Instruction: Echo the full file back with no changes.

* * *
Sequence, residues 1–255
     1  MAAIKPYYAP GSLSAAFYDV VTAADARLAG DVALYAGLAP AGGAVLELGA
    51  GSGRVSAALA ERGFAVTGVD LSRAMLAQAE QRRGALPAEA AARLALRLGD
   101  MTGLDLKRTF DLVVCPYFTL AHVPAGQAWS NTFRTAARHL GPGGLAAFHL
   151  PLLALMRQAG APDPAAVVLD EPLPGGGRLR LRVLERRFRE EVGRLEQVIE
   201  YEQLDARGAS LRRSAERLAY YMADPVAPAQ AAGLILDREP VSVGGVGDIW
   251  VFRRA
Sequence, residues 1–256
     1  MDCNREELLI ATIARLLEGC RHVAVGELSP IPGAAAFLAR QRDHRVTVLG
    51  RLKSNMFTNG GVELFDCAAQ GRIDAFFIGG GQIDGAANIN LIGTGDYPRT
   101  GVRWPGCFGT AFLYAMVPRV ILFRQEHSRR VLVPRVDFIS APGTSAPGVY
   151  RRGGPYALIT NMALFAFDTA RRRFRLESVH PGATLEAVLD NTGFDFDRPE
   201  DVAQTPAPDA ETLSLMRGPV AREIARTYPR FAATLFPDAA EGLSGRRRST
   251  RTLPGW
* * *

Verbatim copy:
Sequence, residues 1–255
     1  MAAIKPYYAP GSLSAAFYDV VTAADARLAG DVALYAGLAP AGGAVLELGA
    51  GSGRVSAALA ERGFAVTGVD LSRAMLAQAE QRRGALPAEA AARLALRLGD
   101  MTGLDLKRTF DLVVCPYFTL AHVPAGQAWS NTFRTAARHL GPGGLAAFHL
   151  PLLALMRQAG APDPAAVVLD EPLPGGGRLR LRVLERRFRE EVGRLEQVIE
   201  YEQLDARGAS LRRSAERLAY YMADPVAPAQ AAGLILDREP VSVGGVGDIW
   251  VFRRA
Sequence, residues 1–256
     1  MDCNREELLI ATIARLLEGC RHVAVGELSP IPGAAAFLAR QRDHRVTVLG
    51  RLKSNMFTNG GVELFDCAAQ GRIDAFFIGG GQIDGAANIN LIGTGDYPRT
   101  GVRWPGCFGT AFLYAMVPRV ILFRQEHSRR VLVPRVDFIS APGTSAPGVY
   151  RRGGPYALIT NMALFAFDTA RRRFRLESVH PGATLEAVLD NTGFDFDRPE
   201  DVAQTPAPDA ETLSLMRGPV AREIARTYPR FAATLFPDAA EGLSGRRRST
   251  RTLPGW